7. No owner or keeper of any dog shall cause or permit such dog, whether licensed or unlicensed, to run at large or to be a public nuisance within the Town of Norton or permitted to wander at will on public or private property other than the premises of the said owner of keeper or the premises of another person with knowledge and permission of such other person (APPROVED 9/19/77)
8. No owner or keeper shall cause or permit any dog to run at large within the Town. While on any public way or place, dogs shall be under restraint by the owner or keeper. A dog is under restraint within the meaning of the By-Law if he is controlled by a leash or at heel beside a competent person and obedient to the commands of that person or on or within a vehicle being driven or parked on the street. Dogs running at large will be caught and confined and the owner notified. Owners or keepers in violation of this section will be liable to a fine or not less than ten dollars for each violation. (AMENDED 5/88 & APPROVED 8/30/88) And our Conservation Commission has clearly published usage rules of their various properties that also speaks to dogs:
Pets must be leashed in accordance with Norton’s Leash Law.
The trouble is, when you are in the middle of the woods hiking a trail, who is going to enforce this? These laws/rules, like many others, are there with the expectation that the individuals will follow them. But people break more important laws and rules every day, and go to jail for it. So let’s be realistic, this is a leash law, not an arrestable offense if you break it. Many times I have encountered off leash dogs while on conservation land. From the most heavily traveled open spaces, to the most remote places 2-3 miles into the woods. Having an unknown dog (friendly or not), coming at you full bore is unnerving; and if your dog happens to be fearful, reactive or have a seizure disorder, this type of encounter can turn into an experience that could end up at an animal emergency center. So what can you do when you experience such dogs and their humans? Be prepared!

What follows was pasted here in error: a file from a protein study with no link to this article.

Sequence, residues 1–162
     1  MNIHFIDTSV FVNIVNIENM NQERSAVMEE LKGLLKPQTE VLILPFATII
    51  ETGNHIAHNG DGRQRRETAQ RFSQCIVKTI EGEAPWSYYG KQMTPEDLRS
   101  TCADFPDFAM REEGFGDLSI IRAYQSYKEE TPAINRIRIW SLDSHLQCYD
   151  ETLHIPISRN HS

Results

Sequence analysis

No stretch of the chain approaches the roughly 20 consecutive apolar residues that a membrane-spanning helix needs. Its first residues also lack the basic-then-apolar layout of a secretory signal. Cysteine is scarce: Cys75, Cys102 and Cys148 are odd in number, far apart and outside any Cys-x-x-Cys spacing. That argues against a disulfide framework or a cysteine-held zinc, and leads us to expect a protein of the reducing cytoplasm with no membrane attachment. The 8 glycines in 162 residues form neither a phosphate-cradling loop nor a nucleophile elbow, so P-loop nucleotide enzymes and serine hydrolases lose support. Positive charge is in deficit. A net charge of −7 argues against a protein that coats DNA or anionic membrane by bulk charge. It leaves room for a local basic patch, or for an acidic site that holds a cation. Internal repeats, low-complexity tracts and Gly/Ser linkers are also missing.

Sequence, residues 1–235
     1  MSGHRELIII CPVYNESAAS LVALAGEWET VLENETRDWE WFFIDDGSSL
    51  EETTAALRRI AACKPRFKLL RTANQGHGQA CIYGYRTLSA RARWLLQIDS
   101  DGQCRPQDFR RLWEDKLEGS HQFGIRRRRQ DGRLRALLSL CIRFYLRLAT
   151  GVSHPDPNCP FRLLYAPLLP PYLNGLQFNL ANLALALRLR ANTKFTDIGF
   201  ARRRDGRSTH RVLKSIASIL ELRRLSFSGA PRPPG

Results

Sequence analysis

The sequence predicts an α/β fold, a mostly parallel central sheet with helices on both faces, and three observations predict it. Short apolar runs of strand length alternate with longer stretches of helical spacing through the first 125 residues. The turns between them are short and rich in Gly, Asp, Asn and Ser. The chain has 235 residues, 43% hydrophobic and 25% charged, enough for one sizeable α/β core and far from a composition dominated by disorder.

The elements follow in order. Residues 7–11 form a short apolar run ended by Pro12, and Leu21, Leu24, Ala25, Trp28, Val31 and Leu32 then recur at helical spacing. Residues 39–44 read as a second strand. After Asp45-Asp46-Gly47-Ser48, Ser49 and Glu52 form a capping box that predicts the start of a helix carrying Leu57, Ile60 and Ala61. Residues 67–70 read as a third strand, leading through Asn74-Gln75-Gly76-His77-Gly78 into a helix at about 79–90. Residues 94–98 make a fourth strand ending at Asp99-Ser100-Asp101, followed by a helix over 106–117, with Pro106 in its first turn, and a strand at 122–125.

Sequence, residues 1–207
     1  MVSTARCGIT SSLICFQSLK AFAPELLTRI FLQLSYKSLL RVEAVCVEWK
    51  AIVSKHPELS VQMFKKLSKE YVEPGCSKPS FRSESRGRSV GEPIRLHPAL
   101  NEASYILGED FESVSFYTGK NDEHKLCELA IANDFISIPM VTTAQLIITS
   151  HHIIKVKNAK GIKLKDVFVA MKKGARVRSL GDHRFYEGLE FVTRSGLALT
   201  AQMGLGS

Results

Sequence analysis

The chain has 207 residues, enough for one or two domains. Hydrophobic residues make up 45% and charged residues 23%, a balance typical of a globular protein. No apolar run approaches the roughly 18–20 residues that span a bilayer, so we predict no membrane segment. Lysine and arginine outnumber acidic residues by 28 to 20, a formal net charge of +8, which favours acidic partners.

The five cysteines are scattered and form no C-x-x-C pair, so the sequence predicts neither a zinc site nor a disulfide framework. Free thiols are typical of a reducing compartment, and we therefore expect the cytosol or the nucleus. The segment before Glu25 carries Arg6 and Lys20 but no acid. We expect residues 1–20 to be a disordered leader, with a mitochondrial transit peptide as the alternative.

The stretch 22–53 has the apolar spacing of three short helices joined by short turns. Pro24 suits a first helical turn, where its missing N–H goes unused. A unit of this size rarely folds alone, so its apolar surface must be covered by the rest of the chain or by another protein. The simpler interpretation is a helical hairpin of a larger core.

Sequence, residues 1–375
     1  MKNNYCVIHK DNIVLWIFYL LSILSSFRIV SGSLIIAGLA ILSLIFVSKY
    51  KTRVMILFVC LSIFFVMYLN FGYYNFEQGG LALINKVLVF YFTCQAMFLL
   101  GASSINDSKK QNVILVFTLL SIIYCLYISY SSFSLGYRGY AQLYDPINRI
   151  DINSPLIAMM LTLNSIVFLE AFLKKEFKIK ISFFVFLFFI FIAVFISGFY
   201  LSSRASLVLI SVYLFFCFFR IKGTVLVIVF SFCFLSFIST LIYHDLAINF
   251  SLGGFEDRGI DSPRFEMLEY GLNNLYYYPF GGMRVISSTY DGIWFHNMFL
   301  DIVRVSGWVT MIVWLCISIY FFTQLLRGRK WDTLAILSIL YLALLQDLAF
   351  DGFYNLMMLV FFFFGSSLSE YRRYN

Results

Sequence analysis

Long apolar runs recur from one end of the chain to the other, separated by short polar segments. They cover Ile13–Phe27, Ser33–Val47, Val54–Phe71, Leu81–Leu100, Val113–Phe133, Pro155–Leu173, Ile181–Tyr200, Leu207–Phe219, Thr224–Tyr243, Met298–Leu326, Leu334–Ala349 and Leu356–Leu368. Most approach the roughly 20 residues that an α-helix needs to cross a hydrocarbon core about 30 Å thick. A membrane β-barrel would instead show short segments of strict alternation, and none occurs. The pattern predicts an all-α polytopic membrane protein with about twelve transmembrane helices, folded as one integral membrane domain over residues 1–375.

INTERRUPT THE BEHAVIOR: ·
- Always carry pockets full of tiny training treats or kibble to throw toward the approaching dog (and as far away from you as you can in the direction of the owner). Those few seconds the dog is gobbling up the tasty morsels you just threw, is your golden opportunity to make a U-turn and get outta’ there!
- Carry a tennis ball in your pocket and throw it for the unknown dog in the direction of the owner, thus sending him back to get leashed up.
- Carry a small pocket umbrella and open in the direction of the approaching dog, this works best if the dog is close. This will likely startle the approaching dog and they will back up or maybe even run away, it also works as a physical and sight line barrier between both dogs.
- Sometimes just simply yelling at the unknown dog will be enough to stop them in their tracks.
- Carry an athletic whistle. One quick chirp should be enough to stop the approaching dog. (Be sure to desensitize your dog to the whistle first before using this strategy).
- Carry a small athletic air horn. THIS IS A LAST RESORT. Using this could potentially damage your own dog emotionally and create a reactivity issue where there wasn’t one before, in either dog.
About the Author
About the author
Lee Desmarais is a Karen Pryor Academy Professional Dog Training graduate who has over 20 years’ experience dog training. Lee uses only positive based training approaches, that are scientifically proven techniques. Lee adheres to the Hierarchy of Dog Needs principles and believes that the use of fear, intimidation or coercion is not necessary if you have good training skills.
Photo credit to models and clients Sam and Cody who own the hearts of Carol and Bianca